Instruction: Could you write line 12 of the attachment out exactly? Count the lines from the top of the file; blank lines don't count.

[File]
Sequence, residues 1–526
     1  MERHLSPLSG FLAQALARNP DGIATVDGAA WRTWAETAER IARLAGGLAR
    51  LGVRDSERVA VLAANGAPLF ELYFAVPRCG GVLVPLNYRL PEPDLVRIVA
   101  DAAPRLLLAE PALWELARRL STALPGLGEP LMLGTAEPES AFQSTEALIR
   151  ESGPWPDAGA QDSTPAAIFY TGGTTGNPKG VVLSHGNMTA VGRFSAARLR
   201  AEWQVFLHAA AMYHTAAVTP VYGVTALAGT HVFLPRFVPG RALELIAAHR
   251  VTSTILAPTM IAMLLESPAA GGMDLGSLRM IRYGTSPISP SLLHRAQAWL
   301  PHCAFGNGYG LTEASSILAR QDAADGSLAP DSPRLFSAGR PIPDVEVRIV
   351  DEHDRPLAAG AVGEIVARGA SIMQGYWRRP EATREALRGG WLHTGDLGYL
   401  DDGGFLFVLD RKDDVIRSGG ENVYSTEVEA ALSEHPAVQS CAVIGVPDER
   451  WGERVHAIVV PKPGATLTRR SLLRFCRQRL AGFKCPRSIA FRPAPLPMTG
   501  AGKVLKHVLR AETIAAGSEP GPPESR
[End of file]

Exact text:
   501  AGKVLKHVLR AETIAAGSEP GPPESR